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Over the last few weeks, much of London has been plastered with posters advertising the environmental protest group Just Stop OIl’s ‘Occupy Westminster’ protest, beginning on Oct 1. The timing could hardly have been better, as, since it was first announced many weeks ago, a new fossil fuel-loving, climate change-denying government has been put in place — elected by just 81,326 Tory Party members and with no mandate from the people of the UK — which has proceeded to refuse to levy windfall taxes on the energy companies’ vast and unearned recent and future profits (choosing instead to put the burden on taxpayers for an energy price cap that was required to save the country from economic collapse), has lifted the ban on fracking, and has promised to open the floodgates to new oil and gas extraction (as well as, most recently, crashing the UK economy in the most alarming manner via unjustifiable and fiscally deranged tax cuts for the rich).

Backed by the malevolent far-right ‘libertarian’ think-tanks based in Tufton Street, close to Parliament, including the Global Warming Policy Foundation (GWPF), described by climate researchers and environmental groups as “the UK’s most prominent source of climate denialism”, Truss’s government has no interest in investing in renewables, even though the majority of the British public backs new on- and off-shore wind power, solar power and wave power, rather than fossil fuels, and also has no interest in investing to insulate Britain’s leaky homes, even though it would vastly reduce our energy needs, and well as providing significant employment.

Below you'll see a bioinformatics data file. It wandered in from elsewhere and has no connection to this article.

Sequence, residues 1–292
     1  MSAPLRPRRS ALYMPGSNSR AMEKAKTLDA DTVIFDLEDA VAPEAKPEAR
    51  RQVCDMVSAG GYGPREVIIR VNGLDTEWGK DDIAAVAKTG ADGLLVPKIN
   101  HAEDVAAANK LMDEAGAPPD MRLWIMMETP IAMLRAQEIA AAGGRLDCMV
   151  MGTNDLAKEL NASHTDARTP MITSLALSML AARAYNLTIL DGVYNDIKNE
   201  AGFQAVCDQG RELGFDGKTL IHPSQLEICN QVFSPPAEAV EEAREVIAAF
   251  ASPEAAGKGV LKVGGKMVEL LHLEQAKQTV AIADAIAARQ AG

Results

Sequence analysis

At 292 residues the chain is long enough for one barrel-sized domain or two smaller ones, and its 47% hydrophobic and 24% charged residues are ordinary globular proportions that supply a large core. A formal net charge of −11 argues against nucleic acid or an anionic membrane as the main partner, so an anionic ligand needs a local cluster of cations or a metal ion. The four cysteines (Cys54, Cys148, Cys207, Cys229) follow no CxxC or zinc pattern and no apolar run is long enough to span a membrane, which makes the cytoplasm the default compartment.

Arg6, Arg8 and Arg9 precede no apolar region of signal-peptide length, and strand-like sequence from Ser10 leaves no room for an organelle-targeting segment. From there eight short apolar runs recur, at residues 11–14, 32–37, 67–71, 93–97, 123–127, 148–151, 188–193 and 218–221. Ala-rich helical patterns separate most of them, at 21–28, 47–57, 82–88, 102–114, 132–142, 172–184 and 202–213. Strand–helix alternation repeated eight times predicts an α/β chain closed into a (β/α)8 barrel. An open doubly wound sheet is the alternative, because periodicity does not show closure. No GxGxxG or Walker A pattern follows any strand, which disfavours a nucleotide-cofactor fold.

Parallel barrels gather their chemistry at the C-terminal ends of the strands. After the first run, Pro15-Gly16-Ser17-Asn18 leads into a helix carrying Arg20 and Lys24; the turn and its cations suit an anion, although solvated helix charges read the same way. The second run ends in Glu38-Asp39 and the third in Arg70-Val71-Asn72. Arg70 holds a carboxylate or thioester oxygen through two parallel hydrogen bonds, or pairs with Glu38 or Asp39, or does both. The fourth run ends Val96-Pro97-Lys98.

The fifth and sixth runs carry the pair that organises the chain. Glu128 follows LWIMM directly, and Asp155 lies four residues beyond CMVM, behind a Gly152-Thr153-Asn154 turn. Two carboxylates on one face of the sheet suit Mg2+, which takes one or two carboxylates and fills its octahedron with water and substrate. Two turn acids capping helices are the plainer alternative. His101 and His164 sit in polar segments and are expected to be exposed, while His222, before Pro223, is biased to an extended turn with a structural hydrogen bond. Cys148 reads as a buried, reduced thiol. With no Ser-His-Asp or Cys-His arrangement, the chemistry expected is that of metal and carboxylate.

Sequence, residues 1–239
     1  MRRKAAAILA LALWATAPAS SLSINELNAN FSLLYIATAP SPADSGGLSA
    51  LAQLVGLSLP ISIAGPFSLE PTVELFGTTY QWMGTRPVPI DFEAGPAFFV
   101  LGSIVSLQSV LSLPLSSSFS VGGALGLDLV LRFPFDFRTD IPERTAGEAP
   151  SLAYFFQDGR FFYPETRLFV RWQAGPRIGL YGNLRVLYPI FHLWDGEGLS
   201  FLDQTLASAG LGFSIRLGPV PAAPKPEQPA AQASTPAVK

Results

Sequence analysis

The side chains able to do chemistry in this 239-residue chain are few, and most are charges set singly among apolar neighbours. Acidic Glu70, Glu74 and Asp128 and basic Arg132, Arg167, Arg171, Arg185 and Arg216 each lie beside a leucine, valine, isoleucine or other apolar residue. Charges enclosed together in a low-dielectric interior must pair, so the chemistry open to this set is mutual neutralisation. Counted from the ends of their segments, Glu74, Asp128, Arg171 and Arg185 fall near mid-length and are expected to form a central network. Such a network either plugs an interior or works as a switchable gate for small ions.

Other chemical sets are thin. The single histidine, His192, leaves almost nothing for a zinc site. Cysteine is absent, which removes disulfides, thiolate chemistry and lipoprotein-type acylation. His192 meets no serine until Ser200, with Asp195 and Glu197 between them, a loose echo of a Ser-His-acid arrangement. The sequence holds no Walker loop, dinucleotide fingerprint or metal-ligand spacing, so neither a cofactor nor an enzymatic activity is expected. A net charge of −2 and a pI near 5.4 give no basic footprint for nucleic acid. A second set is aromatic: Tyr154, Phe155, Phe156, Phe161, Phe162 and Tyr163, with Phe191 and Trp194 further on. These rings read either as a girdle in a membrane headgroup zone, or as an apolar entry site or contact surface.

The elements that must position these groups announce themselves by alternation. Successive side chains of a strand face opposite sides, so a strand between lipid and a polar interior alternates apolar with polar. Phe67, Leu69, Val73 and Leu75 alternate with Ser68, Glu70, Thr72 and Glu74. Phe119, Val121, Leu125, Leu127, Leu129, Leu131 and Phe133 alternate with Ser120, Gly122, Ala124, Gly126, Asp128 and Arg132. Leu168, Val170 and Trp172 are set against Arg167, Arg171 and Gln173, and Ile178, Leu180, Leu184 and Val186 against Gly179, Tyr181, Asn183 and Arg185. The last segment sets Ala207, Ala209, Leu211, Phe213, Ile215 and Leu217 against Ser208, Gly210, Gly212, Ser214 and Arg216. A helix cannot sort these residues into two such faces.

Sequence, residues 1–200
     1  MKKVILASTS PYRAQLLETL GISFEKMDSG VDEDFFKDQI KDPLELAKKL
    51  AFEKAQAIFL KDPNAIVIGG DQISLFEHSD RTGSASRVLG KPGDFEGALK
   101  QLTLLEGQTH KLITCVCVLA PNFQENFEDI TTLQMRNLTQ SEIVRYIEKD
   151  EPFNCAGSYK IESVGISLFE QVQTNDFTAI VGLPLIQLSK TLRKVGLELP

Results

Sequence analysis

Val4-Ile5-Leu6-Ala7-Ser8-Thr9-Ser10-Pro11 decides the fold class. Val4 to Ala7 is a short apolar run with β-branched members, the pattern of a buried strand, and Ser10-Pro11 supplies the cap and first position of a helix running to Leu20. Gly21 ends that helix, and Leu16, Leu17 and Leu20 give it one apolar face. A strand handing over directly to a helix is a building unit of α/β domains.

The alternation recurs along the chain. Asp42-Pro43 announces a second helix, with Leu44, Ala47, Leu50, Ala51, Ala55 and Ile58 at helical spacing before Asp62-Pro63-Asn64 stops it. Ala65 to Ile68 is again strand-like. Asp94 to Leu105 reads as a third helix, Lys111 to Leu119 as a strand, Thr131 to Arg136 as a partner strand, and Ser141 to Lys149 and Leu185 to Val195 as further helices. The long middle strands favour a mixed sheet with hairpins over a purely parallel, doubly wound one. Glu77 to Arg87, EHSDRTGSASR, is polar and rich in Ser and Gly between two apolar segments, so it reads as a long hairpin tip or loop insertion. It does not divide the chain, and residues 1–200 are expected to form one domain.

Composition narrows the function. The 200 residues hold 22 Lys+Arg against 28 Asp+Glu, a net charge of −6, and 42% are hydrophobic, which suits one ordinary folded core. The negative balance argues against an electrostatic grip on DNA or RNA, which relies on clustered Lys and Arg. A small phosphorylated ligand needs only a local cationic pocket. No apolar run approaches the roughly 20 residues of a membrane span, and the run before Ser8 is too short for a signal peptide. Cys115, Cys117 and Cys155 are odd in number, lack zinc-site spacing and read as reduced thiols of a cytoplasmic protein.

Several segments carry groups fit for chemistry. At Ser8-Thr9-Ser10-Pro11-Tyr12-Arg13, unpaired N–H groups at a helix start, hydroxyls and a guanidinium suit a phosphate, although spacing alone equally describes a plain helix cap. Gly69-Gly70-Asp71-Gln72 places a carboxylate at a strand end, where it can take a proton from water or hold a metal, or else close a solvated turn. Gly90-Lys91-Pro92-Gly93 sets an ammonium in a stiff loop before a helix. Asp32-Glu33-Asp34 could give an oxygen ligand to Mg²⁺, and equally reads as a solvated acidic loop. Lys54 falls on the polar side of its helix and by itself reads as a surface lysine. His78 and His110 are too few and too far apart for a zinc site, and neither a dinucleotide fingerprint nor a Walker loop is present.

The occupation of Westminster begins tomorrow (October 1), with activists gathering first at Euston, Paddington and Waterloo stations at 11am, and then converging on Westminster, with the plan repeated on Sunday October 2 (when, incidentally, the Tories’ train wreck of a conference begins in Birmingham), and, from Monday October 3, moving to Whitehall, opposite 10 Downing Street at 11am every day.

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The Death Throes of the Brexit Disaster: Liz Truss and Kwasi Kwarteng Declare Class War on the British People

Architects of disaster: Liz Truss and Kwasi Kwarteng in the House of Commons.